Trade finance is an umbrella term for the financing of any moving or tangible goods or stocks. Banks, non-banks, funders and alternative financiers are the main providers of trade finance, yet many do not understand its complexities or nuances. It’s self-liquidating in nature, inherently complex, but deemed low risk, TFG explores what this means for investors, and for trade finance as an asset class.
Trade Finance: Barriers to entry
1. It’s not mainstream
Unlike Wall Street equities trading, trade finance focuses on companies producing or trading goods overseas. Trade finance helps traders or producers, move tangible goods across supply chains. Particularly in less economically developed countries, or where companies do not have a high enough credit rating to access finance, buyer has the ability to achieve more favourable payment terms from sellers or suppliers. For those with capital tried up, small balance sheets, or long payment terms, trade finance providers, export credit agencies and other trade government schemes can help facilitate the financing of trade through guarantees, letters of credit and insurance.
2. Trade is a self-liquidating finance structure
When applied to trade financing, a self-liquidating structure is a credit that is repaid using the revenue generated out of that initial loan. For example, if a company were to buy clothing goods in preparation for the winter season, that revenue would be able to pay for the initial loan.
A self-liquidating trade finance structure would, therefore, be an arrangement whereby a bank would collect all proceeds from that loan to pay off interest and the loan amount, before crediting the remainder back to the borrower or buyer.
3. Low risk, but high perception of risk
Capital requirements (Basel III and IV) and regulation have caused the widening trade finance gap (some $1.5tn according to the Asian Development Bank), meaning SMEs struggle to access trade finance from banks.
Despite the rise of alternative financiers, challenger banks and funds to plug this gap, the perceived risk of lending to ‘risky’ corporates has meant that structured trade effectively, affordably and quickly has been a struggle in both emerging and established markets.
IMAGE: Summary of default rate trends from 2013 – 2016 in trade finance. Source: ICC Trade Register 2017.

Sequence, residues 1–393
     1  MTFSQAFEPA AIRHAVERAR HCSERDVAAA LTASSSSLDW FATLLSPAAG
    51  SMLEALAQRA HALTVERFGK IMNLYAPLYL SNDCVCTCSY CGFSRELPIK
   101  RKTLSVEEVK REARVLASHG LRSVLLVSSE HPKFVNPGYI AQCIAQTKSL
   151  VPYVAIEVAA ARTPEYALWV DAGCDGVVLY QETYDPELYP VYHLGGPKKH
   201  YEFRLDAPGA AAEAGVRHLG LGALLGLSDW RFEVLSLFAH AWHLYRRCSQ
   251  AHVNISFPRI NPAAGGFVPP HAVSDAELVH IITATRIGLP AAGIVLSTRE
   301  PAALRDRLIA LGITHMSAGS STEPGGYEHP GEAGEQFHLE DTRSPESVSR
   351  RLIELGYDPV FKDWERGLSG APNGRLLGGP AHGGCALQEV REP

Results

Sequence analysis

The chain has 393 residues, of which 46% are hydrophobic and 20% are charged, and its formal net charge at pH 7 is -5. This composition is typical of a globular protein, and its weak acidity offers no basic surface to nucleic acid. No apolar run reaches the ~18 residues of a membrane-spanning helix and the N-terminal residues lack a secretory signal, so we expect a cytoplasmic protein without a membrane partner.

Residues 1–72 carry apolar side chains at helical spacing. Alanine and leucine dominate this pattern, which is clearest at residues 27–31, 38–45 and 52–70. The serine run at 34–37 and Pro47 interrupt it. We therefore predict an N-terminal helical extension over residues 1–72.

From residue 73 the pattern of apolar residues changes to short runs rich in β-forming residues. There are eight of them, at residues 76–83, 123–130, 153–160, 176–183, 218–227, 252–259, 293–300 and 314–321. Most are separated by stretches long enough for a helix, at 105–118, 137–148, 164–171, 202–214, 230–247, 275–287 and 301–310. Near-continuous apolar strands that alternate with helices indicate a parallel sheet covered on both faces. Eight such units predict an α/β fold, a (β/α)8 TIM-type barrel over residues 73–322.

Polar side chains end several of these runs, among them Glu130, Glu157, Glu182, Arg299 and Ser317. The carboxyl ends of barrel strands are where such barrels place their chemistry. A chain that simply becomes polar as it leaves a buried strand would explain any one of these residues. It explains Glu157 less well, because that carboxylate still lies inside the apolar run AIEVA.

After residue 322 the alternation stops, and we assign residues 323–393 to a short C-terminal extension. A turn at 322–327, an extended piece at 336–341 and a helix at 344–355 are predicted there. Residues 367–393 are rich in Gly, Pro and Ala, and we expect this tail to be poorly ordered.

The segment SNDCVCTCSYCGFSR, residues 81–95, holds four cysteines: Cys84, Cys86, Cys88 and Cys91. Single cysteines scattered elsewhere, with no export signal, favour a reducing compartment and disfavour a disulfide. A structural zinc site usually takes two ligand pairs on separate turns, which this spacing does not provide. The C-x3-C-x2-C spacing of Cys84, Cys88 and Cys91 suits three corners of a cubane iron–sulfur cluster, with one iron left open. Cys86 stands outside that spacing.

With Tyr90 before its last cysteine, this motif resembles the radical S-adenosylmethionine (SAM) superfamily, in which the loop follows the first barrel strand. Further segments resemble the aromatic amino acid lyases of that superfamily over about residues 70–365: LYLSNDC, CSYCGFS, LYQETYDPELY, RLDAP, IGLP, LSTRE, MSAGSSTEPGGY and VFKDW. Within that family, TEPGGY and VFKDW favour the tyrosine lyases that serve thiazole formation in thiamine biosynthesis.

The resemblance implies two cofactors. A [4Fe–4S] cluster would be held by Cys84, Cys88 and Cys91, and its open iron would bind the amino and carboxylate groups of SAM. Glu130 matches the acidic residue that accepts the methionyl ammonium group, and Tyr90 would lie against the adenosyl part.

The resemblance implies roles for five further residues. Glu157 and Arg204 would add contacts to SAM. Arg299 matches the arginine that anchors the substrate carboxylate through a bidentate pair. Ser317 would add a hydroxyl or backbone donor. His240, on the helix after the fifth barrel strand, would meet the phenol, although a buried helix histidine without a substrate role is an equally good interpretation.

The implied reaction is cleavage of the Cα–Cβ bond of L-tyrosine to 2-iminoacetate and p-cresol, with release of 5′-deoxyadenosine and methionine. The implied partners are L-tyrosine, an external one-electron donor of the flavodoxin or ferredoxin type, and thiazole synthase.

That said, the ICC Banking Commission’s most recent Trade Register Report reiterates that banks are shifting their attention back to their core business, limiting supply and reducing risk appetite towards the provision of trade finance. Yet as an asset class, trade finance should be treated as favourable, with low expected losses in defaults.
IMAGE: Summary of Expected Loss findings for Trade Finance, 2008–2016, and Export Finance, 2007–2016. Source: ICC Trade Register 2017
3. Trade finance needs experts
Compared to commercial mortgages and consumer loans, cross-border trade takes longer to get paid, involves operating across different jurisdictions and doing due diligence on counterparties around the world.
Yet despite this, the lack of experts and practitioners in trade finance is a real problem, and the number of specialised trade financiers is falling.
Trade as an asset class?
That said, the benefits of trade finance to the economy speaks for itself.
As industrialised economies grow, corridors open (and that’s not just the OBOR project, trade continues to be a critical engine of growth, creating jobs, wealth and prosperity globally.
As a result of continued financing schemes, such as Export Credit Agency backing, export and trade finance default rates remain low, presenting a strong case for the introduction of trade finance as an asset class for investors and regulators, with comparable reference points to other asset class.